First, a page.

Sandra Fluke Wanted to Speak Up for Women Before Congress
Georgetown Law student Sandra Fluke was prepared to speak before Congress, but Rep. Darrell Issa wouldn’t have it.
Rep. Darrell Issa’s Thursday hearing went off the rails early. “What I want to know,” demanded Rep. Carolyn Maloney, D-NY, as she looked at the all-male panel of clerics before her, “is, where are the women?”
The hearing, titled “Lines Crossed: Separation of Church and State. Has the Obama Administration Trampled on Freedom of Religion and Freedom of Conscience,” was about religious freedom, Issa said, but it took place against the backdrop of a national controversy regarding the White House’s mandate that all employers provide birth control as part of their insurance plans.
As it happens, there was one woman present prepared to testify on the issue of birth control. Sandra Fluke, a 30-year-old Georgetown University Law School student, had been contacted earlier in the week by committee minority leaders after Democrats saw a video of her speaking about the mandate at the National Press Club on February 9.
But after several days of preparing her remarks with help from other students, Fluke received a call on Wednesday evening to inform her that Issa, the chairman of the House Oversight and Government Reform Committee, had decided that she would not be permitted to testify, saying that Democrats had submitted her name too late for consideration.
“I thought that mostly I would represent the women who were going to be affected by the policy, the women who had been facing hardships because of the lack of contraceptives in general,” Fluke told The Daily Beast. “We knew how much this policy could mean to students on our campus and employees and staff who work for hospitals and things like that.”
Rep. Elijah Cummings, D-MD, the ranking minority committee member, sent Issa a letter last Wednesday asking him to reconsider his position on allowing Fluke’s testimony.
“When my staff inquired about requesting minority witnesses for this hearing, we were informed that you would allow only one,” Cummings wrote. “I believed it was critical to have at least one woman at the witness table who could discuss the repercussions that denying coverage for contraceptives has on women across this country.”
Undaunted, Fluke arrived at the hearing two hours early and waited in line, ultimately finding a seat directly behind the men scheduled to testify on the first of the day’s panels. She says she hoped that Democrats on the committee would be able to convince Issa to allow her to testify. It was not to be.
She sat while Issa made his opening remarks, and listened to the panel’s first witness, Rev. William E. Lori, the Catholic bishop of Bridgeport, Connecticut. She said she grew increasingly frustrated as she listened to Lori express his views on religious freedom in the form of an extended parable about a fictional kosher deli.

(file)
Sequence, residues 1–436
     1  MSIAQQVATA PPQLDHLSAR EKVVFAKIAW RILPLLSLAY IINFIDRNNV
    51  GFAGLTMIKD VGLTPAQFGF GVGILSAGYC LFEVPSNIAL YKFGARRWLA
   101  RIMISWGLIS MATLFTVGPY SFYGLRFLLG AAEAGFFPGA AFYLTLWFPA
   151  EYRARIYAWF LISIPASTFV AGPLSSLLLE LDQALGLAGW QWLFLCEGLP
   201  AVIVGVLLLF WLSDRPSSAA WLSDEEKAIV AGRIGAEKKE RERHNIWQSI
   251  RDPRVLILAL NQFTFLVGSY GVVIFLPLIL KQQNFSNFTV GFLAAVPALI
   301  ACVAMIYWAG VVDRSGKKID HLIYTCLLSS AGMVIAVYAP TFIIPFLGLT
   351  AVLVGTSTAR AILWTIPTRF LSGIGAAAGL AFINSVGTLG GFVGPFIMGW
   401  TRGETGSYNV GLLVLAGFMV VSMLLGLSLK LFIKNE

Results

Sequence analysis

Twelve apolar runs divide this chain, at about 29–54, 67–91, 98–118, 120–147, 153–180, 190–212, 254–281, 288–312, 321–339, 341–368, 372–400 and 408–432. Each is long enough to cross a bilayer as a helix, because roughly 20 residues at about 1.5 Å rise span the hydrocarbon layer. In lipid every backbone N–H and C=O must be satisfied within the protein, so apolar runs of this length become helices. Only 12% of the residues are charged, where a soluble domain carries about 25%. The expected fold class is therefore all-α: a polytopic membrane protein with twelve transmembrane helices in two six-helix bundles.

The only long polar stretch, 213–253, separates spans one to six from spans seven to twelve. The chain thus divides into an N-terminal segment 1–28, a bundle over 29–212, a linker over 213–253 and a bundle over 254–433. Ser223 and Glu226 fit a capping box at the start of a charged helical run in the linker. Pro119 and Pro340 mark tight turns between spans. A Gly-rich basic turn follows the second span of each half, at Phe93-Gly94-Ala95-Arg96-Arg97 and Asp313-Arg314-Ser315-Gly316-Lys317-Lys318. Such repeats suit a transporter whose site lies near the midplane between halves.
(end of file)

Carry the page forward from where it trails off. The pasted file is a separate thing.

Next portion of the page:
“I was a little bit stunned as I was sitting there,” Fluke said.
“It was hard to hear how the chairman talked about student advocacy, and how dismissive he was of our efforts,” Fluke said. “What was really hard for me was to listen to a hypothetical story for seven and half minutes without being able to share the stories of real women that I had hoped to share.”
Fluke said she has been active in birth control issues on Georgetown’s campus since arriving there three years ago. She’s a former president of the university’s chapter of Law Students for Reproductive Justice, and is an organizer with Catholic Students for Women’s Health, a coalition of students from Catholic colleges and universities.
“I’ve been working on these issues for a few years and students have been working on them for decades,” Fluke said. Many students at Georgetown arrive without understanding the university’s stance on birth control, Fluke said, but she researched it before matriculating. Working to increase awareness around the issue has informed her thinking, she said, opening her eyes to what can happen when reproductive health issues are not addressed openly.
Fluke says it is these stories that she wanted to share at the hearing, including one about a friend with polycystic ovarian syndrome whose insurance did not cover the birth control medication that would treat it. Her friend could not keep up with out-of-pocket payments, Fluke said, and ultimately had to have surgery to remove her entire ovary. The friend continues to suffer from complications of the surgery, Fluke said.
Fluke said she remained at the hearing into the testimony of the second panelist, but when Maloney walked out in protest along with two other committee members, Fluke joined them.
“I couldn’t go directly to the members of Congress and I couldn’t be heard in our nation’s legislature, and that says something,” Fluke said. “The message that it sends when we don’t cover contraception is that women’s health isn’t important and isn’t a priority. I sincerely hope that’s not where we are in 2012.”
Delegate Eleanor Holmes Norton, D-D.C., was one of the other two committee members who joined Maloney in walking out of the hearing.
“She was not heard,” Norton said of Fluke. “She was our witness, and the rules were contorted to keep her from testifying.”
Norton, who said she hasn’t seen anything like Thursday’s hearing since she first began sitting on the oversight committee nearly 22 years ago, said that the reasons Issa gave for excluding Fluke avoided the real issue.
“It would appear to exploit the religious side of the issue, and it simply defined women out,” Norton said. “It’s as if women were the silent majority that sat at a table stacked with men. And the way in which the majority did that was to simply define our witness out of the hearing.”
“The majority doesn’t get to pick the minority’s witnesses,” Norton said.
As for where the debate goes from here, Fluke said, “I hope actually that we begin talking about women’s health as a whole.”